"Links" are among the most
basic---and most unexamined---features of online life. Bringing together a
prominent array of thinkers from industry and the academy, The Hyperlinked
Society addresses a provocative series of questions about the ways in which
hyperlinks organize behavior online. How do media producers' considerations of
links change the way they approach their work, and how do these considerations
in turn affect the ways that audiences consume news and entertainment? What
role do economic and political considerations play in information producers'
creation of links? How do links shape the size and scope of the public sphere in
the digital age? Are hyperlinks "bridging" mechanisms that encourage
people to see beyond their personal beliefs to a broader and more diverse
world? Or do they simply reinforce existing bonds by encouraging people to
ignore social and political perspectives that conflict with their existing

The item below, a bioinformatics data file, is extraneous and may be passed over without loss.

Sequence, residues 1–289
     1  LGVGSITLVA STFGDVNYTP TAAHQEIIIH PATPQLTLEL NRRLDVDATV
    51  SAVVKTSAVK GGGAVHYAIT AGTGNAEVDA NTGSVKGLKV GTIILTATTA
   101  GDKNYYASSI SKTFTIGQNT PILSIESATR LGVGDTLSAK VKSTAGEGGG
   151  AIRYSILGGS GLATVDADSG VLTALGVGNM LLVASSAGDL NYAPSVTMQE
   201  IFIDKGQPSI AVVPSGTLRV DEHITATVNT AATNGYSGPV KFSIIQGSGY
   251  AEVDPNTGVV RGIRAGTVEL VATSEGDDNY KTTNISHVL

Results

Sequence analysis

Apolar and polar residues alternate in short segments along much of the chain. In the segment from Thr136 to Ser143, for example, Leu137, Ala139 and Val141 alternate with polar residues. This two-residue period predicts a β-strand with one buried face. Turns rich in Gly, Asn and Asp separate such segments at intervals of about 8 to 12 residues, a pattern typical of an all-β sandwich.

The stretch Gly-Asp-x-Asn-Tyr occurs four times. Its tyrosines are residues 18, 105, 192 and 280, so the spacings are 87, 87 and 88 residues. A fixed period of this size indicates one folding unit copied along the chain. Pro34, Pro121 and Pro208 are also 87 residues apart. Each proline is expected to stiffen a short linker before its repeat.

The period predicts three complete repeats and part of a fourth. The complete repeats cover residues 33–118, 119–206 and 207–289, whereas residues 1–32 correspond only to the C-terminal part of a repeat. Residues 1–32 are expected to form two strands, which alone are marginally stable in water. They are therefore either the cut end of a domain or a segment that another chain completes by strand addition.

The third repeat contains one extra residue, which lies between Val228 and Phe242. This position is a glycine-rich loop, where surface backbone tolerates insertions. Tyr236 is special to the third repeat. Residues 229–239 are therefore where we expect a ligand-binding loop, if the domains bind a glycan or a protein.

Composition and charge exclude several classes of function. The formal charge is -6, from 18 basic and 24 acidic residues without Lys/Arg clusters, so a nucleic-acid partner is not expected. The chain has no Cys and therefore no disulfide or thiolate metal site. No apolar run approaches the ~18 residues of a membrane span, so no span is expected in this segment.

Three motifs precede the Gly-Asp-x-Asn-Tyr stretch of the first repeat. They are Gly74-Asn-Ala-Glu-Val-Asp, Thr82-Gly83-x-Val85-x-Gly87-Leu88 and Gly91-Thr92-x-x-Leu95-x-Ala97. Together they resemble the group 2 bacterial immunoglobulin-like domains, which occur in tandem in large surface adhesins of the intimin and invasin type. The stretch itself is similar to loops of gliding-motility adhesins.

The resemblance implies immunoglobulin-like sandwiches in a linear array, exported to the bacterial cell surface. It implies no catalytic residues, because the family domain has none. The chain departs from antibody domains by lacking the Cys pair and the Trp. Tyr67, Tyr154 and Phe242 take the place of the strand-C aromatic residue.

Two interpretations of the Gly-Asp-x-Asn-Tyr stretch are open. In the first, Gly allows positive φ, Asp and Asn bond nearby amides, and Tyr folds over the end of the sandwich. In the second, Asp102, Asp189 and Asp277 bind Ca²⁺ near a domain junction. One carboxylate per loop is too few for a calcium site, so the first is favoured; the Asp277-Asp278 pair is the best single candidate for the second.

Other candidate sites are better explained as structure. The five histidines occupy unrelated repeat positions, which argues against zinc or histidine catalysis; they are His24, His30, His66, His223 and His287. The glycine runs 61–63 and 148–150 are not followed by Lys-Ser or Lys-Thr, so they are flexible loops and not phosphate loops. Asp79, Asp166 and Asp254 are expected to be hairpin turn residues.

interests and beliefs?
"This collection provides a
broad and deep examination of the social, political, and economic implications
of the evolving, web-based media environment. The Hyperlinked Society
will be a very useful contribution to the scholarly debate about the role of
the internet in modern society, and especially about the interaction between
the internet and other media systems in modern society."
---Charles Steinfield, Professor and Chairperson, Department of
Telecommunication, Information Studies, and Media, Michigan State University
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